Wasted-tax-stimulus-dollarsIn 2009, Congress confidently passed the $862 billion stimulus bill, reassuring Americans that it would be just the catalyst that the country needed to jump start the economy. While the bill promised new projects and jobs, 2010 is coming to an end with an unemployment rate near 9.5%, a percentage far too similar to what it was last year. In fact the only number the stimulus bill has managed to notably change is the United State’s debt which now stands as a new record high of $13.2 trillion, 23% higher than what it was last year.

So where did this stimulus money come from and where is it going? While the stimulus bill was approved by Congress it is being funded by American taxpayers and is in some cases being wasted to accomplish unnecessary and just plain illogical goals. From rebuilding brand new sidewalks to investing money in a park that can only be reached by plane or boat, it is no wonder that the stimulus bill has not been effective. Here are a few great projects we pulled from Senator McCain and Coburn’s Summertime Blues report. You be the judge if the stimulus bill is effective.

$762, 373 to Develop Software… for ‘Dance Tube’ online application

The University of North Carolina was granted a hefty portion of the stimulus money to create a ‘computerized choreography program.’ The idea behind the software is to allow choreographers to experiment with different interactive dance moves without having a full dance cast present. The producers foresee the program leading to a ‘Dance Tube’ application that will be available online. If over a $760,000 donation seems a little high for this project to you, that’s because it is. It could be accounted for when considering that the University of North Carolina is receiving 44% of this fund to cover overhead expenses.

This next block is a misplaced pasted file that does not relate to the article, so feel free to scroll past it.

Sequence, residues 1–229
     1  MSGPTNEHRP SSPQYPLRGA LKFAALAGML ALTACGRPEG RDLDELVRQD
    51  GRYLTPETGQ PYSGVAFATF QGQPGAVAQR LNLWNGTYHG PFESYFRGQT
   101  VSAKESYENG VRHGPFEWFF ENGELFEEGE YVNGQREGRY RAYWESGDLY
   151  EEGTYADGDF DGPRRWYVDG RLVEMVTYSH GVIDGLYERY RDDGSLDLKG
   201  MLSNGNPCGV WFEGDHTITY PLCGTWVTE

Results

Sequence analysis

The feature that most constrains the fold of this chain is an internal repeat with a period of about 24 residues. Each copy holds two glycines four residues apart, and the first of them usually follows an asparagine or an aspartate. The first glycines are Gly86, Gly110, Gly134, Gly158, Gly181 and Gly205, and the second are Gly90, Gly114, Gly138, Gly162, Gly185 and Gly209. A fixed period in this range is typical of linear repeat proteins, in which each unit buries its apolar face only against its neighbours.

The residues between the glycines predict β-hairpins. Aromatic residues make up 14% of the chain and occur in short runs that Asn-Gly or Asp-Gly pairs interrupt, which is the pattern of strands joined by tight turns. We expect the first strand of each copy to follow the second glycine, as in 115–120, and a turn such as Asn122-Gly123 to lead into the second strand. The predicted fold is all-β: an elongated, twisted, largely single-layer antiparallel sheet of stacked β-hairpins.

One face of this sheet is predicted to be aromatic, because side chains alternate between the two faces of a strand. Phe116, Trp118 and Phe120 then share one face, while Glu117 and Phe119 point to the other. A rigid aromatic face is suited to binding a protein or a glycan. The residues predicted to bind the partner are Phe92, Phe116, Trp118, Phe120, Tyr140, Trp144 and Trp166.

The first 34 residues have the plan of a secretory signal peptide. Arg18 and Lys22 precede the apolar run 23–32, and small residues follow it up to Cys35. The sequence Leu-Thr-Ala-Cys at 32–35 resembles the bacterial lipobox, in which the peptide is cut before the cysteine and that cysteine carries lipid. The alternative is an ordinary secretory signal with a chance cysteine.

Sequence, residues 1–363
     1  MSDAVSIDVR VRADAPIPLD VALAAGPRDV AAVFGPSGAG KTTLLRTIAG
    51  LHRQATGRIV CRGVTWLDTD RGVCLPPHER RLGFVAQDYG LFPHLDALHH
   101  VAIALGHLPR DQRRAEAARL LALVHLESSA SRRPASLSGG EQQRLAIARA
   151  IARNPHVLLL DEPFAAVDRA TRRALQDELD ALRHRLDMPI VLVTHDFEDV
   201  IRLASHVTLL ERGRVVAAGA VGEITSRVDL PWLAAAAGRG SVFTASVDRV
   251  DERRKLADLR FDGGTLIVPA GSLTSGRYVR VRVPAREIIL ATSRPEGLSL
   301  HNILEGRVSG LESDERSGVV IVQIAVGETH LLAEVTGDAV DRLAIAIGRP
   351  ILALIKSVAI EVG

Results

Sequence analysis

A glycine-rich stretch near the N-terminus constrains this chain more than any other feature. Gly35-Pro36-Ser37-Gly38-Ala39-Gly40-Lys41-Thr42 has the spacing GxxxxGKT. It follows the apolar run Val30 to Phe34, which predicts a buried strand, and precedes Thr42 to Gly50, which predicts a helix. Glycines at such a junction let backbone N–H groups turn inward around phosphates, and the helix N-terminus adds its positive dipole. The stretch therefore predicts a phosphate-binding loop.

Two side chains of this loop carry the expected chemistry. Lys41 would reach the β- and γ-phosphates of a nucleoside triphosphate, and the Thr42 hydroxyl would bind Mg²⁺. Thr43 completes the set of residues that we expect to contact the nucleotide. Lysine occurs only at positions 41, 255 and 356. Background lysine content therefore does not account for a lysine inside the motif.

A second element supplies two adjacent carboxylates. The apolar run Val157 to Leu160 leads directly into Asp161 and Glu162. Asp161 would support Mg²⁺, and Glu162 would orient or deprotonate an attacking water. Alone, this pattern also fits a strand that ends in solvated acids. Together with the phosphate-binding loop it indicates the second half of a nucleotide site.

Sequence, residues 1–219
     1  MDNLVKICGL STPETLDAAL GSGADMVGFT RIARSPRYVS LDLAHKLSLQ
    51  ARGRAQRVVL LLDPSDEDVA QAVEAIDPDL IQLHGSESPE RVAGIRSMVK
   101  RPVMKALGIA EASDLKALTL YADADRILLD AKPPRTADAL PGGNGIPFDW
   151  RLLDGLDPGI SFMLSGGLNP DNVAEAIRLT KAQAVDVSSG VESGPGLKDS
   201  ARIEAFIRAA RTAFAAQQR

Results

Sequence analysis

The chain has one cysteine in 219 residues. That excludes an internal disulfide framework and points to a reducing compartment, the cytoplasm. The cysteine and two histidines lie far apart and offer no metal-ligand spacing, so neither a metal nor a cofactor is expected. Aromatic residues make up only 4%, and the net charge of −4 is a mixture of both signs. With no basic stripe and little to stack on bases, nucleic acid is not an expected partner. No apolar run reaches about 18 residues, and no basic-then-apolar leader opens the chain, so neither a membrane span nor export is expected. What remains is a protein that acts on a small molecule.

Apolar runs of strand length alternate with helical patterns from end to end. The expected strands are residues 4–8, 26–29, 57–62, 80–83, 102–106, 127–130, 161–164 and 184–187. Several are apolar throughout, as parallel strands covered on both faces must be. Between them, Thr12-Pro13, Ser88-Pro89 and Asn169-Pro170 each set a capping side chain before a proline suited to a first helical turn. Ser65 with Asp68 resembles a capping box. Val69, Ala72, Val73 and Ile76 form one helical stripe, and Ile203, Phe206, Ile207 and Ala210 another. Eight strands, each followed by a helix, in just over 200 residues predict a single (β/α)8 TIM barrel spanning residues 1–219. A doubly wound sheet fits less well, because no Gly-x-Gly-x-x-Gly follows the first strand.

$1.9 million for Research… of exotic ants

Almost $2 million of the stimulus funds are being designated to the California Academy of Sciences. Through this researchers will be sent to East Africa and the Southwest Indian Ocean Islands to analyze hundreds of exotic ants. Their findings and photos will then be posted on AntWeb. This site will be dedicated to depicting photos and information on the various species of ants. It is hard to believe that most American taxpayers would willingly invest their tax dollars towards this or see it as a righteous cause but as far as the Academy’s website is concerned, “Everyone has run into ants…now we need to listen to them.”

$89,298 to Replace Sidewalk… that was recently redone

Oklahoma officials have some explaining to do for this tax project. In the town of Boynton, representatives invested almost $90,000 to replace a sidewalk that was just recently replaced five years prior. This decision has raised eyebrows throughout the state. After all, how could $90,000 for a new sidewalk be justified when state public schools are forced to considering shutting down as Superintendent Shelbie Williams admits struggling to pay a local schools gas bills of roughly $9,000.

$762,372 to Study Improvised Music… by jamming with musicians